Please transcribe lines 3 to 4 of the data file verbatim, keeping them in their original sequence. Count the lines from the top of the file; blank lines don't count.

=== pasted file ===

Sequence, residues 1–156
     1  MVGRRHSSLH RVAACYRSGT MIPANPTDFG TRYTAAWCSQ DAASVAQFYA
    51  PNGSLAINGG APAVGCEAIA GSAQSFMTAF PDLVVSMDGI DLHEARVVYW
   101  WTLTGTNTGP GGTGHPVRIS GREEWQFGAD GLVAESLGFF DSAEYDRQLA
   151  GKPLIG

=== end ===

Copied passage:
    51  PNGSLAINGG APAVGCEAIA GSAQSFMTAF PDLVVSMDGI DLHEARVVYW
   101  WTLTGTNTGP GGTGHPVRIS GREEWQFGAD GLVAESLGFF DSAEYDRQLA